With iOS 15 and macOS Monterey 12, Apple added the feature iCloud Private Relay which prevents third-party companies from determining users’ web browsing habits. Today, Apple’s partner Cloudfare detailed their role in the iCloud private transfer process.
In a post on its official blog, Cloudfare detailed its role throughout the iCloud Private Relay management process and what network administrators can do to ensure a seamless experience for users.
“The iCloud private transfer system ensures that no party handling user data has complete information about who the user is and what they are trying to access.
To this end, Private Relay uses modern forwarding mechanisms to forward device traffic through Apple’s partner infrastructure, before sending the traffic to the destination website. In this process, Cloudflare is one of the partners that Apple uses for the “second relay”. Cloudflare is well suited for this task as it operates one of the largest and fastest networks in the world.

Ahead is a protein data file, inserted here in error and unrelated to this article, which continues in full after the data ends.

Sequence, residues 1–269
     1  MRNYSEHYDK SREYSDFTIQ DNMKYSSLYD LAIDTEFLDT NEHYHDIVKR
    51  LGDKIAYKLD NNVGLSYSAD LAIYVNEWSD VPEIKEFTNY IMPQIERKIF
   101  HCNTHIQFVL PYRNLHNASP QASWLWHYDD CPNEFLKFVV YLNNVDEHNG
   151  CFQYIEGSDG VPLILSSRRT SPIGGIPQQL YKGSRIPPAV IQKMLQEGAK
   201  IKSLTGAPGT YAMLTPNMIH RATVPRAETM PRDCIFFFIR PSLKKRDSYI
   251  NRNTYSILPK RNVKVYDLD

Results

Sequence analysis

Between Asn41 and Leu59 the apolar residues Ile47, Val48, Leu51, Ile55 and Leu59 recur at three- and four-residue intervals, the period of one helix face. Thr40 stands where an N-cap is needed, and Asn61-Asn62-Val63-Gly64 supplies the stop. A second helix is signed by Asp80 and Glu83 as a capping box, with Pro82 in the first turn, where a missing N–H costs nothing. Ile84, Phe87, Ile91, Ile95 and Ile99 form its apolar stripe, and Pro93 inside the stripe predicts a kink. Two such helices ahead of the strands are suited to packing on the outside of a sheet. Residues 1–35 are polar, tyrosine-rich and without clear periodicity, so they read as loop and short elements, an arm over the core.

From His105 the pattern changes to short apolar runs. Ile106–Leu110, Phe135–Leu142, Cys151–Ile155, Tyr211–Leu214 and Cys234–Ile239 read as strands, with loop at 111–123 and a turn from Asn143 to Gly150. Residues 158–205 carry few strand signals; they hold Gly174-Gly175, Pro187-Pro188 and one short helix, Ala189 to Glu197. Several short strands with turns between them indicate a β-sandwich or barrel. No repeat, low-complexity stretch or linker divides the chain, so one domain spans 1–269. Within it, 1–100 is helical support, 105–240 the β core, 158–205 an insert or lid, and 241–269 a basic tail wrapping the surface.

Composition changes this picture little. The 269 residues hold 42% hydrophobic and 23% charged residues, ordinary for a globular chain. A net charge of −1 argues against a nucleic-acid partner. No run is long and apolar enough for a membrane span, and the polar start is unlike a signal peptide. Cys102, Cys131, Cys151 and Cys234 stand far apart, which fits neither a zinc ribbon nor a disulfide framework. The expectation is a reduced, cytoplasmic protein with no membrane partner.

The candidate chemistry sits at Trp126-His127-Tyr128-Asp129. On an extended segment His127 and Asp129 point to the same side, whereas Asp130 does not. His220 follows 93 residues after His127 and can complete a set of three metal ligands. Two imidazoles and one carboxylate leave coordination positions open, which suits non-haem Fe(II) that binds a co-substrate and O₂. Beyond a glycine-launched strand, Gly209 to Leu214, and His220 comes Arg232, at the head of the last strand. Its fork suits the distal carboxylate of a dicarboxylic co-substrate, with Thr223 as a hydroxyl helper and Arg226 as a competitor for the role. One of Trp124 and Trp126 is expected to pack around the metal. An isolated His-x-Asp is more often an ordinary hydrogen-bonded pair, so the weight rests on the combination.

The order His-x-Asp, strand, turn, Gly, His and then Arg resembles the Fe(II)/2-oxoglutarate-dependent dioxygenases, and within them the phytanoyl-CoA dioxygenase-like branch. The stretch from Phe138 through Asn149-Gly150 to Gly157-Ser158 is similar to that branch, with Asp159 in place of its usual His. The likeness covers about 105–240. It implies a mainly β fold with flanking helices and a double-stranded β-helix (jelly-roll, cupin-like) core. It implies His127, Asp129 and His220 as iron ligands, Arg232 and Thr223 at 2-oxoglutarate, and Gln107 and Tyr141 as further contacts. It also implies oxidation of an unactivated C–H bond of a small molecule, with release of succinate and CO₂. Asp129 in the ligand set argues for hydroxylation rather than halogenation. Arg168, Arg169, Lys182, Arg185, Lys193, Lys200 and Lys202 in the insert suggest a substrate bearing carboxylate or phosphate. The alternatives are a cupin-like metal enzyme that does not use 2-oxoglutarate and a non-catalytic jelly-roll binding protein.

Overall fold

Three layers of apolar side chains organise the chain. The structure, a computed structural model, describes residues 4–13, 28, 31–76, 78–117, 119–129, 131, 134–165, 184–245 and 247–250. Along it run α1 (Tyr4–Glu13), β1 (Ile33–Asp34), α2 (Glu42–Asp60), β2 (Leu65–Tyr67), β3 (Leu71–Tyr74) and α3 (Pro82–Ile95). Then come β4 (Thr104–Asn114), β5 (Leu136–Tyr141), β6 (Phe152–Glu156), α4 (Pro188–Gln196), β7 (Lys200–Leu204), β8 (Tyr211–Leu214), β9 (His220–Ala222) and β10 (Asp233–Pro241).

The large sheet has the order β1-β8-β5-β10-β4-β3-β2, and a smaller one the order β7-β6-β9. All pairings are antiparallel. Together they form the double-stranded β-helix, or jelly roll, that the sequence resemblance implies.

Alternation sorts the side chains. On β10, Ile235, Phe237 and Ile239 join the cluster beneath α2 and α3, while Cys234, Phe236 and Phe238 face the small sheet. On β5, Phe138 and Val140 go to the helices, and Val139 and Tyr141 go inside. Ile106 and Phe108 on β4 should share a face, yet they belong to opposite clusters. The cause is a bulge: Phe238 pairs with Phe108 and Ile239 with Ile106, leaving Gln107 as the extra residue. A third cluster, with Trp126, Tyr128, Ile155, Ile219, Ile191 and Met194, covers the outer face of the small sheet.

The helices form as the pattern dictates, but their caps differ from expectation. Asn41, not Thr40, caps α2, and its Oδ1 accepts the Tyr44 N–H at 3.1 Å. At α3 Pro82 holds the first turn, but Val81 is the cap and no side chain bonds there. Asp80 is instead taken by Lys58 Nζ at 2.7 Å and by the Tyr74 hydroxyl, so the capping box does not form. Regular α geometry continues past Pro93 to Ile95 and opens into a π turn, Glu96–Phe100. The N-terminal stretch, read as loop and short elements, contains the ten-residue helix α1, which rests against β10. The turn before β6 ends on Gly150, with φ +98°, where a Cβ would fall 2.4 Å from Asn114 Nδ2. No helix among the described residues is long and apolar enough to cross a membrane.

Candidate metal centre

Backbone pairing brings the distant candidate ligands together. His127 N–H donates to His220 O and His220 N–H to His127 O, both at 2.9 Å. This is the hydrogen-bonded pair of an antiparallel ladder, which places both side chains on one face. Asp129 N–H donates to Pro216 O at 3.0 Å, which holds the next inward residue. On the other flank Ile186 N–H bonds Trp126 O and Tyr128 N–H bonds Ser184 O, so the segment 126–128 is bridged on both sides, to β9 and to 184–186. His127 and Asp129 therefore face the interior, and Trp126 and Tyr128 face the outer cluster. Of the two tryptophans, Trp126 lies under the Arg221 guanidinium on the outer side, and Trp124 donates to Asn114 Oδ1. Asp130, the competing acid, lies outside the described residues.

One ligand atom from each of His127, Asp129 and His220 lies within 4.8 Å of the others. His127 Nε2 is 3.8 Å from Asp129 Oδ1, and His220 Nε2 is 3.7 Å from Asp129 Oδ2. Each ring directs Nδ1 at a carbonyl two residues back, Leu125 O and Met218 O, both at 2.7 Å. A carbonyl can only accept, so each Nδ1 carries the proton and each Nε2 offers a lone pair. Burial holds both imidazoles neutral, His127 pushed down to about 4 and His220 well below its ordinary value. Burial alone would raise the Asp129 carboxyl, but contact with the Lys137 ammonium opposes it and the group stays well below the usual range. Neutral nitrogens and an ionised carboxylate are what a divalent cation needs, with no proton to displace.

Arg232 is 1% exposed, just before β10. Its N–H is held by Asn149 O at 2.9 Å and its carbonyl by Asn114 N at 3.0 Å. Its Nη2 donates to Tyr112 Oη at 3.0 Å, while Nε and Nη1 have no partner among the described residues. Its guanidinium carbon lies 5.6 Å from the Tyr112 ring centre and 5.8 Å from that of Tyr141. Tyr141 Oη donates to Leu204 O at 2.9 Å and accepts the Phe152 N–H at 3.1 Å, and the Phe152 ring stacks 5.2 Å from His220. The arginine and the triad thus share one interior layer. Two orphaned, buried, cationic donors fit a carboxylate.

We are also experts in creating and using modern encryption and transport protocols, including TLS1.3 and QUIC. QUIC and MASK, closely related, are the technologies that allow a private relay to efficiently move data between multiple transfer stages without incurring performance degradation.
The same building blocks that power Cloudflare products were used to build support for Private Relay: our network, 126.96.36.199, Cloudflare Workers, and software like quiche, our open source protocol management library QUIC (and now MASK) And much more. »
Cloudflare also explains that it is essential that iCloud Private Relay does not affect the user experience in terms of web browsing speed. In fact, the company’s tests show that there is no performance hit with iCloud Private Relay enabled.
One of the most interesting parts of Cloudflare’s article is the detailed explanation on how to ensure geolocation accuracy when using iCloud Private Relay.